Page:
Organising and Coordination in Support of Knowledge Work: Examples from Practice


  • Ludmila Mládková Prague University of Economics and Business



knowledge, work with knowledge, coordination, organising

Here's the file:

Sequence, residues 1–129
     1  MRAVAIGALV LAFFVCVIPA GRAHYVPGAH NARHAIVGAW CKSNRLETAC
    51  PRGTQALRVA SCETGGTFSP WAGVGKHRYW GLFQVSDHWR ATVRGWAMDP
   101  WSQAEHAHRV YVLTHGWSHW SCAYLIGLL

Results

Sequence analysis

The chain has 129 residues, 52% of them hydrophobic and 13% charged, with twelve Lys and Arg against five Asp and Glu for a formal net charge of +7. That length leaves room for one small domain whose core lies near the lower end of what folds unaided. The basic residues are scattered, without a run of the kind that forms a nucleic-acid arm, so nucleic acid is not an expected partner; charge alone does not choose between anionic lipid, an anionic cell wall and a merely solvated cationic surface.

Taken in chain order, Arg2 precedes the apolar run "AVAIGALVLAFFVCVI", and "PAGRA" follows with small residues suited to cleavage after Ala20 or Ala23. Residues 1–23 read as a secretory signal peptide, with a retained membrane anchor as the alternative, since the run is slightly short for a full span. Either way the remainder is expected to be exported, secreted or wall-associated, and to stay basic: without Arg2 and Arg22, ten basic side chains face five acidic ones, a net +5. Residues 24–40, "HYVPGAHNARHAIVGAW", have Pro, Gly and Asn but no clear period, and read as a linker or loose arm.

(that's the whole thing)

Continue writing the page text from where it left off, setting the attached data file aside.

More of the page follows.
One of the primary tasks of organisations is to find a way to use the knowledge they have at their disposal. From this perspective, organisations have three critical tasks; to manage their employees' personal knowledge, make personal knowledge of employees available for their colleagues, and find how to use the knowledge embedded in artefacts and procedures. Coordination and organising are managerial activities through which organisations orchestrate their employees' work and knowledge and balance reliability and adaptability. Coordination is a horizontal process of orchestration of individual activities and knowledge by rules, guidelines, normative or spontaneous emergent activities of individuals and organising is a vertical process through which organisations make their decisions. This paper aims to discuss how different arrangements of coordination and organising influence work with knowledge. The paper explains the potential, advantages and disadvantages of different arrangements of coordination and organising for work with knowledge and provides examples of organisations that use these arrangements in practice.